HOUSTON — The bulls are stirring again, but some think they may be getting ahead of themselves.
The markets hardly responded last week to the prospect that 3 million barrels of production could be taken offline because of wildfires in Canada, unrest in the Niger River Delta of Nigeria and Libya’s civil war.
But traders seemed to wake up Monday, after a Goldman Sachs report on last week’s outages prompted the bank to call for tighter crude supplies globally. That sent Brent crude oil futures contracts north toward $50 per barrel.
Temporary as it may be, drilling contractors are growing more optimistic that the geopolitical upheavals and the summer driving season will lead to a crude price spike big enough to shake the oil and gas industry out of its slumber. It would get operators out drilling again, a scenario that could get another jolt if political tensions in Venezuela spiral out of control and threaten that nation’s 2.7 million barrels a day of production. Once again, the unstable members of the Organization of the Petroleum Exporting Countries (OPEC) have the commodities markets’ attention.
Ongoing problems in the Canadian oil sands could see that source staying offline for longer. Reports of an early restoration of major oil sands projects proved premature as the fire raged on this week.
The supply disruptions and falling oil production have led some to declare that the bottom of the price collapse is in sight.
"We are right at the beginning of a multi-year cyclical upswing," said Marshall Adkins, managing director at Raymond James and Associates. "It looks stupidly bullish for crude."
Adkins’ comments brought relief to attendees at a conference here yesterday hosted by the International Association of Drilling Contractors (IADC). Others echoed Adkins’ views. Some are bold enough to suggest that the active rig count may return to 1,000 within 12 to 16 months, if the oil industry has indeed arrived at the bottom of the bust.
Crude prices broke through a $45-per-barrel barrier this week and seemed on track to break $50 per barrel before falling back again.
The collapse in the price of crude has hit drilling contractors hard. Averaging more than 1,700 land rigs in operation in 2014, drillers now have work for a little more than 350 rigs.
Kathy Willingham, a vice president at Cactus Drilling LLC, testified to the severity of this downturn. Willingham described a "very tough" cycle of layoffs that has shrunk her company, which once employed more than 2,000, to 580 employees today.
Drilling contractors want to believe the end to their pain is near. Given the steady climb of crude prices back to $50 a barrel and the disruptions to supplies from international events, observers offered hope at the outset of the IADC gathering.
James West, managing director at Evercore ISI, argued that it’s unlikely that oil and gas companies will cut spending for a third year in a row, promising a bright 2017 for drilling contractors. Two years straight of capital expenditure cuts for the industry is already unprecedented. West said the market is priming for a rebound and resurgence of new drilling.
"These guys are going to spend like drunken sailors again," West said, speaking of the large exploration and production (E&P) companies.
So far there is little indication of this.
Oil field service companies are reporting that spending by E&Ps is lower so far this year than their earlier guidance to investors suggested.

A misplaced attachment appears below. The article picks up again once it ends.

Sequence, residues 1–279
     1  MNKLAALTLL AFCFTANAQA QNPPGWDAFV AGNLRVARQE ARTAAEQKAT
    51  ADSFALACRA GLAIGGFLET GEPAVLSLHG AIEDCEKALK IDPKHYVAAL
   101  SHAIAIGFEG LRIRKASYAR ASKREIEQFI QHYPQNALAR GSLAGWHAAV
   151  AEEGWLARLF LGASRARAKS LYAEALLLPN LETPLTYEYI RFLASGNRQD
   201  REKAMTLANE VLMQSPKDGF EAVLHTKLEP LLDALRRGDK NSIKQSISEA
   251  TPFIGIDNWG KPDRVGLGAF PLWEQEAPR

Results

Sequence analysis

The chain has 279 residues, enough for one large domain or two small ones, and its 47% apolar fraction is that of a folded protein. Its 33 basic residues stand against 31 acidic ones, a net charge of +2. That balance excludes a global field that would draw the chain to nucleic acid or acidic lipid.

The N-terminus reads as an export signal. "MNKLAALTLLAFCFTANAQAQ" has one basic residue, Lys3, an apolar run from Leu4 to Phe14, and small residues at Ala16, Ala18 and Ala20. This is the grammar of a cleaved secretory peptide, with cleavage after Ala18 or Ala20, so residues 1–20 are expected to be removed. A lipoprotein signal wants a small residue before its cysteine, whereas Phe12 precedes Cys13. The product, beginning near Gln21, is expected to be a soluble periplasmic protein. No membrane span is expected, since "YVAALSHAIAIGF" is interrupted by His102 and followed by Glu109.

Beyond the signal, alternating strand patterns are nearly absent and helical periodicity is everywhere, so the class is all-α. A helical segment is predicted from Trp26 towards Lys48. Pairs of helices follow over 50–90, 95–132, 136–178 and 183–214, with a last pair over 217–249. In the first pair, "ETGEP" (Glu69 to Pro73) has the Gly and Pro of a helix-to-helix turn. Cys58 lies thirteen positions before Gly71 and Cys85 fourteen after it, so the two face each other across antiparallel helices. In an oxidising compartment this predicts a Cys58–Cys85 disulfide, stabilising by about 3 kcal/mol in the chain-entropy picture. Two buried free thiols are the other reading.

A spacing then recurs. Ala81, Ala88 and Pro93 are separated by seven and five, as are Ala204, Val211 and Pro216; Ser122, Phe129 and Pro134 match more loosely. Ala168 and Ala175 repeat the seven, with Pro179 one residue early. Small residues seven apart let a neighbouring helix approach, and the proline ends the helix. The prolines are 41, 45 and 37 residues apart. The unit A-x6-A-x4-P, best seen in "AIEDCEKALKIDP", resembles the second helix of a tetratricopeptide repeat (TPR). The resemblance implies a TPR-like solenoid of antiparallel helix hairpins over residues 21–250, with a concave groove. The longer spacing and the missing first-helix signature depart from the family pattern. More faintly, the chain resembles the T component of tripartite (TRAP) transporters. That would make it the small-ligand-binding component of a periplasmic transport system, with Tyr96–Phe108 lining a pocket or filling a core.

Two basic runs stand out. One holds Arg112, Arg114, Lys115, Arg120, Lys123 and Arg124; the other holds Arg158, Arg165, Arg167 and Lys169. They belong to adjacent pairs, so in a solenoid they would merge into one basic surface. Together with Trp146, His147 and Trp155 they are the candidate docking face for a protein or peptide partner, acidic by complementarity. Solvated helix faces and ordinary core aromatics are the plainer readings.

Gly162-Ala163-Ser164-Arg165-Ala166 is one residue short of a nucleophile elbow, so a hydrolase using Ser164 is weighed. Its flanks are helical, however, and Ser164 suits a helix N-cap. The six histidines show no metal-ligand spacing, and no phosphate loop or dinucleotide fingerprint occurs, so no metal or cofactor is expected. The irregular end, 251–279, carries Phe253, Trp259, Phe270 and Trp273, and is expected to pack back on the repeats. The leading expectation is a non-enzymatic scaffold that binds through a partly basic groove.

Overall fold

Trey Cowan, an analyst at RigData, confirmed this, presenting data that showed capital spending at $300 million below previous 2016 forecasts across 22 major oil companies. The quick dip below $30 per barrel in February seems to have spurred the additional belt tightening.
Adkins acknowledged that the financial analysts on Wall Street were "extremely bearish," but he dismissed the pessimism, pointing to the growth in gasoline demand last year, a phenomenon that should repeat itself this summer, he argued.
He also sees the pullback in drilling as having been too steep, threatening the future supply-demand balance as summer in the Northern Hemisphere approaches. "We way overcorrected to the downside," Adkins said.
Talk at the conference turned to what many see as an inevitable return to 1,000 rigs operating by the end of 2017, as oil returns to $65 or $70 per barrel. Those are good prices for companies that have become leaner and more efficient, able to produce crude at lower oil prices.
RigData’s Cowan threw cold water on many of the upbeat prognostications.
He said the budget projections for major E&Ps does not support a quick rebound. RigData’s forecast sees the active land rig rate averaging 379 rigs in 2017. Cowan emphasized the confusion and uncertainty over where the industry is headed, but he pointed to indicators suggesting that things will likely get worse before they get better.
"In the short run, there’s a good chance that oil prices will move lower," Cowan explained.
Chaos in Nigeria’s oil patch, in Venezuela and prolonged outages at Canadian oil sands operations will support higher oil prices. A strong draw in U.S. crude stockpiles and overseas will lend support to the bulls.
Still, oil volumes in storage are still high. International economists are also calling for weaker-than-normal global economic growth this year. Oil demand is seen as rising only modestly. Analysts are also calling for a strengthening of the value of the U.S. dollar, a bearish force on oil prices.
It will also be important to note how markets react when officials at the U.S. Federal Reserve raise interest rates, as they promise to do sometime this year.